Caroline Buchanan crashes out of world championship

Caroline Buchanan was left "gutted" after her quest for back-to-back world BMX titles ended with a crash at the world championship in the Netherlands on Monday morning.

Buchanan started the meet with a silver medal in the time trial, but her hopes for another elite world title in racing were dashed with a crash in the final heat of the day.

Caroline Buchanan may have broken her arm.
Caroline Buchanan may have broken her arm. Photo: Getty Images

Left battered and bruised, and potentially with a broken arm, there were doubts over whether Buchanan would be able to contest the quarter-final for which she had already qualified.

Unable to even carry her own bike to the start line, she defied the odds to win the race and proceed to the semi-final, but her injuries finally took their toll.

With a strapped wrist and arm, a shoulder injury and a badly swollen knee, Buchanan finished fifth in the semi-final, just short of qualifying for the final.


The Canberra racer’s arch rival, Mariana Pajon – who won gold at the London Olympic Games where Buchanan missed the medals after a disastrous start – went on to win the world championship, with American Alise Post second.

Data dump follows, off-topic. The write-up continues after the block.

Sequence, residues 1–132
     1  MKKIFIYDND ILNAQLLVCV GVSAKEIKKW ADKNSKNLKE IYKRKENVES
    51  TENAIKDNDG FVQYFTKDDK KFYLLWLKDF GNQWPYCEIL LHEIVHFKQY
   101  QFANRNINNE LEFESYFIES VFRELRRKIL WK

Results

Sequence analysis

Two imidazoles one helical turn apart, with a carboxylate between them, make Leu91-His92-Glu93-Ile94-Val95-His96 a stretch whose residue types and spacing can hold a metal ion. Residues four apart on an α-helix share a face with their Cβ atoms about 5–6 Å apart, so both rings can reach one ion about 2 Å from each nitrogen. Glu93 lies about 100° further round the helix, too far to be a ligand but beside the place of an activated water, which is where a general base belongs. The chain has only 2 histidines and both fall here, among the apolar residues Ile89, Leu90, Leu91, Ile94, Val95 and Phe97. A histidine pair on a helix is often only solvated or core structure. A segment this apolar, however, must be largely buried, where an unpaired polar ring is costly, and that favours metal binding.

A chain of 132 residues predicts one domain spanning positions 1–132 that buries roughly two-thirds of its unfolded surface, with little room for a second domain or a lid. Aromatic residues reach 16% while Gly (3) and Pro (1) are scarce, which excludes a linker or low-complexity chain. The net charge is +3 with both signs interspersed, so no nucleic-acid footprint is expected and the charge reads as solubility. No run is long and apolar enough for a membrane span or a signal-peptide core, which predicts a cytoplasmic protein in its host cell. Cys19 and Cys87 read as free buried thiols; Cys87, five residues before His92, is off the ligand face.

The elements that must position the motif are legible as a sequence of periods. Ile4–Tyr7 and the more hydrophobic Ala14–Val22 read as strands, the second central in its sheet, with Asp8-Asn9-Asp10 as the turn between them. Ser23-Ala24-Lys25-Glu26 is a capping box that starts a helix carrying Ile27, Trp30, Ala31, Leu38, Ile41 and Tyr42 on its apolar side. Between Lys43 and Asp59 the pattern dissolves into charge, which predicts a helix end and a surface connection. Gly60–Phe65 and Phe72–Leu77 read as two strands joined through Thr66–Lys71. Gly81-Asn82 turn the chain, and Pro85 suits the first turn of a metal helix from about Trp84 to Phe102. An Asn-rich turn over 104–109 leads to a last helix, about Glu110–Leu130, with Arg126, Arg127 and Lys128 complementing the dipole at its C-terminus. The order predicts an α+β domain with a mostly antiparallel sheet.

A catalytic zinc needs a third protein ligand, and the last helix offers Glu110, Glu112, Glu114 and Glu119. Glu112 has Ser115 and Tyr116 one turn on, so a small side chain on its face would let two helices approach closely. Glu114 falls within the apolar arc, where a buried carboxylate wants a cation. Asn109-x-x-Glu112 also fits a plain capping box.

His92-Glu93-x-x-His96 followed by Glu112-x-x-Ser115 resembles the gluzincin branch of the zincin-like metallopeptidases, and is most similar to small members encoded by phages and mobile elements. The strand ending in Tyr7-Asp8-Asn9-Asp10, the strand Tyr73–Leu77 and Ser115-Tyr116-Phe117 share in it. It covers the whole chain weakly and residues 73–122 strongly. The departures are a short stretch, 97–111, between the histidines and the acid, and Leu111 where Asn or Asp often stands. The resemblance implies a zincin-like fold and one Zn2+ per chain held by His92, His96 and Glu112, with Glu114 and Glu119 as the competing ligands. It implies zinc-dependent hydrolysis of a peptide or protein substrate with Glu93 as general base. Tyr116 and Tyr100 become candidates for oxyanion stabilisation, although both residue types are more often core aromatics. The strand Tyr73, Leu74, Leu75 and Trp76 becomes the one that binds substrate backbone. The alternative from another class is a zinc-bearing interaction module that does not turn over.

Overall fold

Buchanan’s injury comes at the start of a four-month overseas tour. She had her arm re-strapped for a flight to the US on Monday night, where she will have X-rays and recover.

A mountain bike event in Canada is next on her calendar, followed by her next BMX event, the World Cup in Argentina, which is just over five weeks away.

Last year’s runner-up, Australia's Lauren Reynolds, also fell just short of the final, finishing sixth in her semi-final.

It was better news for countryman Sam Willoughby, who won the elite men's supercross title less than 24 hours after being crowned time trial champion.

"It's pretty special for me to win this," an emotional Willoughby said, dedicating the win to the late mother of  his girlfriend and fellow competitor Post.

"It's incredible, you train hard and set your goals, it's all realistic on paper but doing it is a whole different story."

Ten years ago to the day, Warwick Stevenson became the first Australian to be crowned elite world champion in the Netherlands.

"To come back 10 years later and do it in the same country is pretty cool, so I'm stoked," Willoughby added.

With AAP